let Z(n)=Ln(n)-(1/2 + ... + 1/n)
Prove that 0 < Z(n) < 1-1/n, where n is an integer greater then one (Ln(n) being naturalbase logarithm of n)
Applying the Lagrange's theorem for the function f(x)=Ln(x) on the interval [k,k+1], where k>=1, we obtain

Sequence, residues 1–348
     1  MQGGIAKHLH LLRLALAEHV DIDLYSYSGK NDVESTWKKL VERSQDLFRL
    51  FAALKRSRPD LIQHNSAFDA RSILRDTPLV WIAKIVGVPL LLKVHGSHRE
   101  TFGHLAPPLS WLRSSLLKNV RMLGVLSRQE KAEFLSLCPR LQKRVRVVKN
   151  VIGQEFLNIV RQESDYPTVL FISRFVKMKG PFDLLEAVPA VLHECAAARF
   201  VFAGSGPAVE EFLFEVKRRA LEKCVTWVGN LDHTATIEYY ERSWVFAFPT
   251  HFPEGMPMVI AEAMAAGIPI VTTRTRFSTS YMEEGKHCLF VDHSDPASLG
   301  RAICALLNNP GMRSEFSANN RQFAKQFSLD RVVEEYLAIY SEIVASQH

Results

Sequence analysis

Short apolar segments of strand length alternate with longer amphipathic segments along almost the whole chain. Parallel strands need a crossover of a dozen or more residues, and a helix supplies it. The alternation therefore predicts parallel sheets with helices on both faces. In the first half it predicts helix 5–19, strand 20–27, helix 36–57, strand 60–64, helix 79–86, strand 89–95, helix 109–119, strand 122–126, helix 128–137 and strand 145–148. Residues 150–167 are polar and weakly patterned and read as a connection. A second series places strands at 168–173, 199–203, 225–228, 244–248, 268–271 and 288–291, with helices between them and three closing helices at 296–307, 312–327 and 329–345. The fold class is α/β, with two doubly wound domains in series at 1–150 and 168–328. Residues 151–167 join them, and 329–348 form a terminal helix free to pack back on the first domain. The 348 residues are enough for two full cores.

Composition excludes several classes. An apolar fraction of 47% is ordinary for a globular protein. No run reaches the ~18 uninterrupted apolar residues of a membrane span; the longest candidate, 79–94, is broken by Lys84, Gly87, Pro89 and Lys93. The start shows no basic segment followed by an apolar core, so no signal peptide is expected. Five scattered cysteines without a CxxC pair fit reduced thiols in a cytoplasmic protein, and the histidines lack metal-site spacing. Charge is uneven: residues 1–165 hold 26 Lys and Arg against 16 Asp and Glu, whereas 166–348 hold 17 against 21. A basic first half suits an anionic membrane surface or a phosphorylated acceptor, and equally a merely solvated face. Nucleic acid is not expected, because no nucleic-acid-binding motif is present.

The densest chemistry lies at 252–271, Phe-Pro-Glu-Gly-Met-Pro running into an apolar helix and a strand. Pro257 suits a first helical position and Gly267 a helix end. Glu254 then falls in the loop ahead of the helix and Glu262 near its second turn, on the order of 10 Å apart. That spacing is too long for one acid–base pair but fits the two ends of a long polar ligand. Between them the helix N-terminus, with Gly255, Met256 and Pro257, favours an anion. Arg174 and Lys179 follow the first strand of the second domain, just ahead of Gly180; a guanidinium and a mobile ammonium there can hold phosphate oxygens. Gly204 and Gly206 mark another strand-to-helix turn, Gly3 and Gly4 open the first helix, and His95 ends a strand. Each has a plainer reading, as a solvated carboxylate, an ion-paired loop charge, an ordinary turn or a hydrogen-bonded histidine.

Ln(k+1)-Ln(k)=1/c, where k<c<k+1. But 1/(k+1)<1/c<1/k, so 1/(k+1)<Ln(k+1)-Ln(k)<1/k.
Giving to k the values from 1 to n-1 and summing the inequalities we obtain
The first inequality is equivalent with 0<Z(n). The second is equivalent with Ln(n)-(1/2+...+1/(n-1))<1. Substracting 1/n in both members it results Z(n)<1-1/n
Posted by Stefan
on 2006-08-17 18:22:43